“With a romantic like Salles at the wheel we weren’t expecting On the Road to hold a mirror to today’s disenfranchised American youth,” writes David Jenkins in Little White Lies. “But we weren’t expecting such a tedious, flat film either.” Time Out London‘s Dave Calhoun agrees that the film “entombs its era’s zeitgeist more than it lives it.”
“While the film’s dramatic impact is variable, visually and aurally it is a constant pleasure,” offers Todd McCarthy in the Hollywood Reporter. “Eric Gautier’s cinematography is endlessly resourceful, making great use of superb and diverse locations (including New York, Canada, New Mexico, California, Louisiana, Mexico and Argentina). The cars, beginning with the central Hudson, are terrific, as are the décor, clothes and wide range of music. The film was researched to the limit, and it shows.” Screen‘s Lee Marshall adds that “the soundtrack, scored by Gustavo Santaolalla with jazz musicians Charlie Haden and Brian Blade, is a concise snapshot of the era.”
Updates, 5/26: All in all, finds Mike D’Angelo, writing at the AV Club, “this is pretty painless as prestige-lit adaptations go, moving along at a brisk clip and providing numerous opportunities for talented actors to perform what amount to cameo impersonations…. All that’s missing is any sense that you’re seeing something more than a procession of anecdotes meant to provide a colorless protagonist (Sam Riley) with material for his book. In other words, all that’s missing is Kerouac’s voice—the reason the book is worth reading.”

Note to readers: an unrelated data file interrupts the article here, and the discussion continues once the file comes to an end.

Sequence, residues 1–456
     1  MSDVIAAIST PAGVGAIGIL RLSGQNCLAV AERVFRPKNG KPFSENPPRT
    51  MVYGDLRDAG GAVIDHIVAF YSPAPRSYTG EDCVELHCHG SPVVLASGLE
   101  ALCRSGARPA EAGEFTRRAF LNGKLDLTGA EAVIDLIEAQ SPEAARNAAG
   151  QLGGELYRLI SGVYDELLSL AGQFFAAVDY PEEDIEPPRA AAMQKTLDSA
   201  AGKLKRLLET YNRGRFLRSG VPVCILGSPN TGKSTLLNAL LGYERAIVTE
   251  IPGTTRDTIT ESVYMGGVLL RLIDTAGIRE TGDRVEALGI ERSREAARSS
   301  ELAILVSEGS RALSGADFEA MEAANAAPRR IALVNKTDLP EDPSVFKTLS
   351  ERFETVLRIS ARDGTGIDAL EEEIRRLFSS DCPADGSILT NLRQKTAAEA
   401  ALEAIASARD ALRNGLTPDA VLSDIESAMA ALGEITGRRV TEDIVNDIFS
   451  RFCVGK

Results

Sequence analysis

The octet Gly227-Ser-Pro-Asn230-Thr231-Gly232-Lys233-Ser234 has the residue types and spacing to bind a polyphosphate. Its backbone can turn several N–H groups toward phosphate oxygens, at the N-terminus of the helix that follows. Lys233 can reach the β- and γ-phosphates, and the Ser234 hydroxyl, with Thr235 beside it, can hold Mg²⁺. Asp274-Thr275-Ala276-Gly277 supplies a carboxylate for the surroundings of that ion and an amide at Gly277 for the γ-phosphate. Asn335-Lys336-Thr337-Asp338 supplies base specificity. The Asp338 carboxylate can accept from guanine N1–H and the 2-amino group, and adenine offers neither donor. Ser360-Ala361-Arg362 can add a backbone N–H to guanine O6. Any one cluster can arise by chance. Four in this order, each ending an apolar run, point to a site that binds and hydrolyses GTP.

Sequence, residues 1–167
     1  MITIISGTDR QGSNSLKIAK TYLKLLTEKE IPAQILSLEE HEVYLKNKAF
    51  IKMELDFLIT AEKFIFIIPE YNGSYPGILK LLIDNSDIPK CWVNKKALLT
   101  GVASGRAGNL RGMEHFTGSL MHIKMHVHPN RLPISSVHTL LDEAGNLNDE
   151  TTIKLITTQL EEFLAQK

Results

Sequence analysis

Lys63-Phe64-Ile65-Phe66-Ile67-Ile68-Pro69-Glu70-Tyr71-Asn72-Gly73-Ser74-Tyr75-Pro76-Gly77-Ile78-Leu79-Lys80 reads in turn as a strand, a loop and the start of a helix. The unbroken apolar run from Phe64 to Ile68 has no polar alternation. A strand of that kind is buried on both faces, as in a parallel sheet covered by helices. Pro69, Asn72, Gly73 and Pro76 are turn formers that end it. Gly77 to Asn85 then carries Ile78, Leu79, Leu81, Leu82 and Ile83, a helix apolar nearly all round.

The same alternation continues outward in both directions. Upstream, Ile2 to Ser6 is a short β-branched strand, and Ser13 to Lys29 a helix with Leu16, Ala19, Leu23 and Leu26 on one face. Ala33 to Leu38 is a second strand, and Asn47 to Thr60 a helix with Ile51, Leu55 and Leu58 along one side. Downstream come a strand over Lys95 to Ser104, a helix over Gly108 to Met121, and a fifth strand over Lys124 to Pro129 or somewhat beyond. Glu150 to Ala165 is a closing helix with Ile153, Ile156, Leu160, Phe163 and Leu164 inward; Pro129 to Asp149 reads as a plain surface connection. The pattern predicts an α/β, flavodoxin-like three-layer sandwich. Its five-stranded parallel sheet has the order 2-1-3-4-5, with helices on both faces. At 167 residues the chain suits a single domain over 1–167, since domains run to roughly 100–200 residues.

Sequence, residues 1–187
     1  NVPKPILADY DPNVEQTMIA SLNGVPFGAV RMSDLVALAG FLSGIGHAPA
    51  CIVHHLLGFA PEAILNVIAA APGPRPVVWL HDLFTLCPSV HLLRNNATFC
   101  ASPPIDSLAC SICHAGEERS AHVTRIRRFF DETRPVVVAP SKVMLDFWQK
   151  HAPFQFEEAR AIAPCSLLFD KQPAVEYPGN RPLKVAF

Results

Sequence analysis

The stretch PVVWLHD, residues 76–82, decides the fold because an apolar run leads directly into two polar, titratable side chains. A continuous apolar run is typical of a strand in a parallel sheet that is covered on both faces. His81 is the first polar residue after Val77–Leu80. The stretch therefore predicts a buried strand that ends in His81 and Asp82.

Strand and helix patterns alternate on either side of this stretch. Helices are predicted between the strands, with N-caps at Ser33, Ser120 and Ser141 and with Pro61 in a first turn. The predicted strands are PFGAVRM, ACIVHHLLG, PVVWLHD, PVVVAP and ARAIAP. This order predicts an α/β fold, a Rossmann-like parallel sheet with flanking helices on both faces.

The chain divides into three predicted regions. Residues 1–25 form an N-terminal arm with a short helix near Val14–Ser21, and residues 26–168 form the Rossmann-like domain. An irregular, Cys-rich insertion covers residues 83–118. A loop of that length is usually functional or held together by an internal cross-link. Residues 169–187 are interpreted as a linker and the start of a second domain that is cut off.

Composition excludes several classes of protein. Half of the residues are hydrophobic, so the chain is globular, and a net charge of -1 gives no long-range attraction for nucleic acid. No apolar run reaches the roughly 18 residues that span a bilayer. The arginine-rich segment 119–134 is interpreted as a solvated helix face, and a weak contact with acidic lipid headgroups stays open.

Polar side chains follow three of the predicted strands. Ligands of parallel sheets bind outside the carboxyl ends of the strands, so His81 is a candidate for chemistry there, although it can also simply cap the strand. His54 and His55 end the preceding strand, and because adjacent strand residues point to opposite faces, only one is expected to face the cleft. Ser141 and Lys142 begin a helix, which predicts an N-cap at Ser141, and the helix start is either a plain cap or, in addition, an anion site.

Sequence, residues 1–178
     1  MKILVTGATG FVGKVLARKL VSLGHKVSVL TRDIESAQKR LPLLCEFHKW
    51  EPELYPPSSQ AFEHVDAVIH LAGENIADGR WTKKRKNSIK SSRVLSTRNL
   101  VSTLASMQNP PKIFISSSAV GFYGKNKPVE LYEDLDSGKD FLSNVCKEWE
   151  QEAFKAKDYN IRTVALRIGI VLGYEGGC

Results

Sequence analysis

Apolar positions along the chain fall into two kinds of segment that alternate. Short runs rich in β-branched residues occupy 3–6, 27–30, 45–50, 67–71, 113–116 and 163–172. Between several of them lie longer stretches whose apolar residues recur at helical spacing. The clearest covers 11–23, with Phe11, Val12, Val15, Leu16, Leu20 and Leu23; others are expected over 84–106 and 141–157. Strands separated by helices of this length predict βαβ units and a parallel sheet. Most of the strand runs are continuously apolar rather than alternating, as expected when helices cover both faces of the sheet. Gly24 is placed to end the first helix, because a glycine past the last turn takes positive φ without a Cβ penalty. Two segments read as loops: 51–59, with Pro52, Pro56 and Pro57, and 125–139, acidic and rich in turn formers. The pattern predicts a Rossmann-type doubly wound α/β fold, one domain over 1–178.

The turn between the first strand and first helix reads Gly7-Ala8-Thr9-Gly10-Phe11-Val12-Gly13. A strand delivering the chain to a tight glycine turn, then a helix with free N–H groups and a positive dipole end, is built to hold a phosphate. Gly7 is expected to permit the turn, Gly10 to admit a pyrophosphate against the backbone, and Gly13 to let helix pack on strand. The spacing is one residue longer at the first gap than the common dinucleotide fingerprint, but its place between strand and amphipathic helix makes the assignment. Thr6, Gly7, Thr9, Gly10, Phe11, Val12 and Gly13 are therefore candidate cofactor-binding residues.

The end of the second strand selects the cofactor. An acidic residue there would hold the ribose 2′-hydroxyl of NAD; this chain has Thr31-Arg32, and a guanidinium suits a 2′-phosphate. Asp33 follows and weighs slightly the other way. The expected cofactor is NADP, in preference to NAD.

“Kerouac’s greatest gift was to transmute the thrill and danger of the vagrant life into prose every bit as intoxicating as the original experience,” writes Time‘s Richard Corliss. “In an early story, he expanded his joy at hearing a tenor sax player blow ‘Gator Tail’ into a declaration of the pleasure principle: ‘I like my whiskey wild, I like Saturday night in the shack to be crazy, I like the tenor to be woman-mad, I like things to GO and rock and be flipped, I want to be stoned if I’m going to be stoned at all, I want to be gassed by a back-alley music…’ Wouldn’t you want to see a movie whose images and emotions matched that rush of words? See this film and keep wanting and waiting.”
“Everything looks great,” notes Time Out New York‘s David Fear: “the endless shots of America at dusk, the scenes of Kristen Stewart’s sweet little Marylou and other hopped-up jazzbos dancing to Dizzy, the weathered faces that could have been lifted from a Robert Frank portfolio, the sensual threesomes in chipped-paint apartments. But even at its most hyperventilating, this finely detailed period piece comes off like a stuffy prestige pic—the cinematic equivalent of a fancy, leather-bound Library of America edition.”
“Unfailingly earnest and unassailably ambitious, Walter Salles’s On the Road is more of an embalming than an adaptation,” writes Richard Porton for the Daily Beast.
“Among the great might-have-beens of cinema are Greta Garbo as Dorian Gray, Ingmar Bergman directing Barbra Streisand in The Merry Widow, Orson Welles’s The Heart of Darkness, Sergei Eisenstein’s An American Tragedy, and the young Marlon Brando as Dean Moriarty in On the Road,” writes Ronald Bergan for Bright Lights. “Before his death, Dennis Hopper revealed that at the start of the 1980s, he discussed the project with Jean-Luc Godard, who came to California. When Hopper arrived at Coppola’s San Francisco office to meet Godard, he found a note that read, ‘I can’t breathe the air here. I’ve returned to France. I’ve decided that there are no new routes in America.’ Decades earlier, when the novel was first published, Kerouac approached Brando to buy the rights and appear in the film as Dean Moriarty. But Brando turned it down because he felt the structure of the novel was unadaptable to the screen. On the evidence of Walter Salles’s film…, Brando was right on the money.”